I just came across your page when I did a search on vegan CrossFitters and was wondering if you can help me. I just started CrossFit about a month a ago, a vegan for 4 months, and now I am doing 80% raw. Is it truly possible to see great results being a raw vegan and doing CrossFit? I am an animal lover and never ever want to go back to eating meat, chicken, etc. At times I just feel I will get bored with it. Did you ever feel that way?
First off, congratulations on your two new, exciting endeavors, CrossFit and veganism. I have personally found both of these decisions to be life-altering for the better. I’ve been vegan nine years. I’ve been CrossFitting for over two.
Yes! Absolutely you can see great results as an almost all-raw vegan. Since you are so new to both, I can imagine that it’s easy to wonder if you’ll see results especially if you’re being told it’s not possible without animal protein, but don’t let that deter you. If you never want to go back to eating meat because of your beliefs, then nothing should deter you anyway. We don’t have to change who we are philosophically to be our best, fittest selves. Being our best selves includes staying true to what we feel is right and that contributes to overall health.
As with any way of eating, veganism works best when done well and thoughtfully. There is plenty of vegan junk food out there. It sounds like you already eat a largely unprocessed diet and often that’s the hardest part, getting rid of processed foods vegan or otherwise. I’ve found that a high raw diet contributes significantly to fast recovery and anti-inflammation, and these play a big role in a CrossFitter’s or any athlete’s life.
Many people, ask me about the protein issue. Personally, I don’t believe we need an overload of protein. Protein naturally occurs in all plant foods. Because protein rebuilds muscle tissue, many athletes believe they need an extreme amount, but I personally don’t believe in pulling one particular nutrient off balance at the expense of others. I feel this in turn throws optimal health off balance. I eat beans, tempeh, quinoa, some spirulina, and nuts. I also drink a raw protein powder with coconut water a couple times a week. That coupled with the protein in brown rice and vegetables proves sufficient for me.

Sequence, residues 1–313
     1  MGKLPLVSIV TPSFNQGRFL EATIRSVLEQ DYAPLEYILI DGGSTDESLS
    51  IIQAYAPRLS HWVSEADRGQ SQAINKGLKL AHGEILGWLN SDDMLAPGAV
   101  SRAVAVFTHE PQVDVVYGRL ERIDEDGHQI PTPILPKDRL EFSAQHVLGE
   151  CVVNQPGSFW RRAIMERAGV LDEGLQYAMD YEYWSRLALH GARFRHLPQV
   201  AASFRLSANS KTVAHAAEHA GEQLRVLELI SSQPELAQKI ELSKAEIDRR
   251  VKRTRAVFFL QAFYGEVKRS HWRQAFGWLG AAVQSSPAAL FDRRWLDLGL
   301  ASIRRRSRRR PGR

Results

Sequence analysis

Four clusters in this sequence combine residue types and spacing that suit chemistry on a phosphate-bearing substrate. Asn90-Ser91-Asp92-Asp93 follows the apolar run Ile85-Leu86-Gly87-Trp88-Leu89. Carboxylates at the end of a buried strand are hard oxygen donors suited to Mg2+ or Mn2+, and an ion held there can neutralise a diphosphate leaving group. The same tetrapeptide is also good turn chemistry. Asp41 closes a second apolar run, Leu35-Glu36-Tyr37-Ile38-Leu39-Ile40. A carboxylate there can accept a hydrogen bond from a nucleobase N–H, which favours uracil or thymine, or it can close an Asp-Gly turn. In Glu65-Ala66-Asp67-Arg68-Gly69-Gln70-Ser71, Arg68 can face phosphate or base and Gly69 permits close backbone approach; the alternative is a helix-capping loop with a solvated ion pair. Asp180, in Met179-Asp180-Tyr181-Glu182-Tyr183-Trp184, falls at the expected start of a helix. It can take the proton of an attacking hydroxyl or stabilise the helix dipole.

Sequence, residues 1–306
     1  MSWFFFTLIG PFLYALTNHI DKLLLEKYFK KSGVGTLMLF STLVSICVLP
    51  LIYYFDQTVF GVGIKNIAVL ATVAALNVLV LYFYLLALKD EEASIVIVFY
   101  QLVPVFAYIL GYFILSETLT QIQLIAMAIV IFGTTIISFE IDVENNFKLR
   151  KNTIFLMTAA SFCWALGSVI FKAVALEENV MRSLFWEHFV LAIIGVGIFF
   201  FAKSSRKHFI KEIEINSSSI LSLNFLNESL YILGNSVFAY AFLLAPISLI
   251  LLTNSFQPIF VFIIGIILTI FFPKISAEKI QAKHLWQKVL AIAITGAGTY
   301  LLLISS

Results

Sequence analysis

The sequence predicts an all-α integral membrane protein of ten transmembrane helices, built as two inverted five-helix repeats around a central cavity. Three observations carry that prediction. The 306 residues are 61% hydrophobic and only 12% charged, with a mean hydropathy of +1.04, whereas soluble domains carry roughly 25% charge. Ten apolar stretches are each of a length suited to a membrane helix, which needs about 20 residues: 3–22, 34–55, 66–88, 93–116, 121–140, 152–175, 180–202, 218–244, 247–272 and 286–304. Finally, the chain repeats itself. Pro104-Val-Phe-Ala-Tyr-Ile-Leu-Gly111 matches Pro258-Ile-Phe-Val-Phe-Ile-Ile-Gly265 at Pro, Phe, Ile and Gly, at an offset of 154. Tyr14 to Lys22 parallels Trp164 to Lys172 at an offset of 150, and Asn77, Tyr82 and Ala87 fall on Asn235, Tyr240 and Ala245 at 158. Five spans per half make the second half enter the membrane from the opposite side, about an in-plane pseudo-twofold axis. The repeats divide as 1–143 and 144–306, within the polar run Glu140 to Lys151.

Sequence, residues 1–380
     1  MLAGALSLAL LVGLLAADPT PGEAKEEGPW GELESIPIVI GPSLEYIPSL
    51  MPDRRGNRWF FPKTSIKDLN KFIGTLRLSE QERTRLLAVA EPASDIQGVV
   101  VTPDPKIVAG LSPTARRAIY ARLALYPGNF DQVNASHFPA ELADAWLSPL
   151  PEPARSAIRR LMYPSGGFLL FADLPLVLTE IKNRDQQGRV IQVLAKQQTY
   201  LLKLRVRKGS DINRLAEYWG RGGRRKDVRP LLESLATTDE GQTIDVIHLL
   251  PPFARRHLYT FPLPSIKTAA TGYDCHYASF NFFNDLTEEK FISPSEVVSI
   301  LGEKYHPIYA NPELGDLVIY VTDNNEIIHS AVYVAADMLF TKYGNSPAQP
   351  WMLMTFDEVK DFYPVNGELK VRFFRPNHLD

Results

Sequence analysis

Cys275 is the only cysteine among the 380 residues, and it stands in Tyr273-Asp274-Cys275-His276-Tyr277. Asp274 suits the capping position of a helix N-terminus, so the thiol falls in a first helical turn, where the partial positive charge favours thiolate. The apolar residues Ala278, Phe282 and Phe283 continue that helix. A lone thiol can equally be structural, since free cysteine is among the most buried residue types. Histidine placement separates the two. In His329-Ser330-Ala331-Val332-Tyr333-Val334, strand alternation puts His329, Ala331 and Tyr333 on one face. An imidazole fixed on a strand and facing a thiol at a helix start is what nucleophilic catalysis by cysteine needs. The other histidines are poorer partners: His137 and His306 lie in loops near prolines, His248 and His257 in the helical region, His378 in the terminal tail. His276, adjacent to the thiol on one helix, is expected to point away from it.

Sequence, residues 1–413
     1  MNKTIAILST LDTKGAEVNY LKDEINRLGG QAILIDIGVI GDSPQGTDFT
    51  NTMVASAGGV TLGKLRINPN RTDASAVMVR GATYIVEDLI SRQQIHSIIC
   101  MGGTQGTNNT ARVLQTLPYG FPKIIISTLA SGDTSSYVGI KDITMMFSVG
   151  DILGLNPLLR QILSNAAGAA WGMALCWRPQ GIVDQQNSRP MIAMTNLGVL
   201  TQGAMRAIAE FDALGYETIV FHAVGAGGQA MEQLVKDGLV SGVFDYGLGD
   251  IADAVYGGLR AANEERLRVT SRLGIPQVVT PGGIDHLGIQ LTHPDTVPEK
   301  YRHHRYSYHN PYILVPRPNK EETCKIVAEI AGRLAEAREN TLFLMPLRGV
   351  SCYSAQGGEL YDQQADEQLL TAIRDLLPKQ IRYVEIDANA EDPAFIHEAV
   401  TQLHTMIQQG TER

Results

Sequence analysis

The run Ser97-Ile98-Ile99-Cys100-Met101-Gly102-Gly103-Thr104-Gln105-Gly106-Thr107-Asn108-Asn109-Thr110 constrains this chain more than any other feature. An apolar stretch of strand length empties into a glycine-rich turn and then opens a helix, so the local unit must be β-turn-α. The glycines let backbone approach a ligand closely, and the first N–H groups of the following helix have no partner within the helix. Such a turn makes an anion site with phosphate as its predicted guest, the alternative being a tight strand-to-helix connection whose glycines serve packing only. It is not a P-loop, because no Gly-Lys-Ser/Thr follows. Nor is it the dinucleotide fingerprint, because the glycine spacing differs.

That said, I do a lot of experimenting with food to find a good combo that works best with my workout regime. I encourage you to do the same. Nothing beats putting on your own lab coat when it comes to your own nutrition. I never get bored because I’m always trying new raw and clean vegan recipes, and I’m often mixing up the routine.
Some great nutritional resources are Brendan Brazier’s book Thrive, and vegan bodybuilder Derek Tresize just wrote a great article here at Breaking Muscle on building muscle while on a plant-based diet.
Many pro athletes are vegan. Recently, NFL player Arian Foster went vegan. Boxer Tim Bradley who just beat champ Manny Pacquiao with a controversial win is vegan. Bradley admits he is only vegan when he trains. That’s how much he believes in the results. Many ultra endurance athletes (like Scott Jurek and Rich Roll) are vegan mainly for the recovery claims, and a few MMA fighters, such as Mac Danzig are vegan. Venus Williams became a raw vegan to battle her recently diagnosed Sjorgen’s syndrome, and though she is not the player she once was because of the disease – she’s also thirty-two years old – she still managed to win the 2012 Wimbledon doubles title. Needless to say, these are examples of exceptional vegan athletes who have had great results.
Know that as a vegan Crossfitter you’re not alone. A great source is the CrossFit Vegans and Vegetarian Facebook page. It’s full of discussion and debate. It represents a wide range of philosophies within the vegan athletic community. The page is always educational and inspiring. There you will find over six-hundred people who are getting great results or also striving for them as a veggie CrossFitter.
The last bit of advice I can give is to be kind to yourself as your body is adjusting to CrossFit. It is rigorous and it’s very common for anyone starting out on any diet to feel tired. It’s common for new vegans to think (or be told) that maybe the tiredness is automatically because of a vegan or raw diet. Many factors could play into as well: lack of water, lack of sleep, or that your body is simply adjusting.
Good luck in your journey, and welcome to two wonderful worlds.
Coach Danette “Dizzle” Rivera
Photos provided by Danette “Dizzle” Rivera.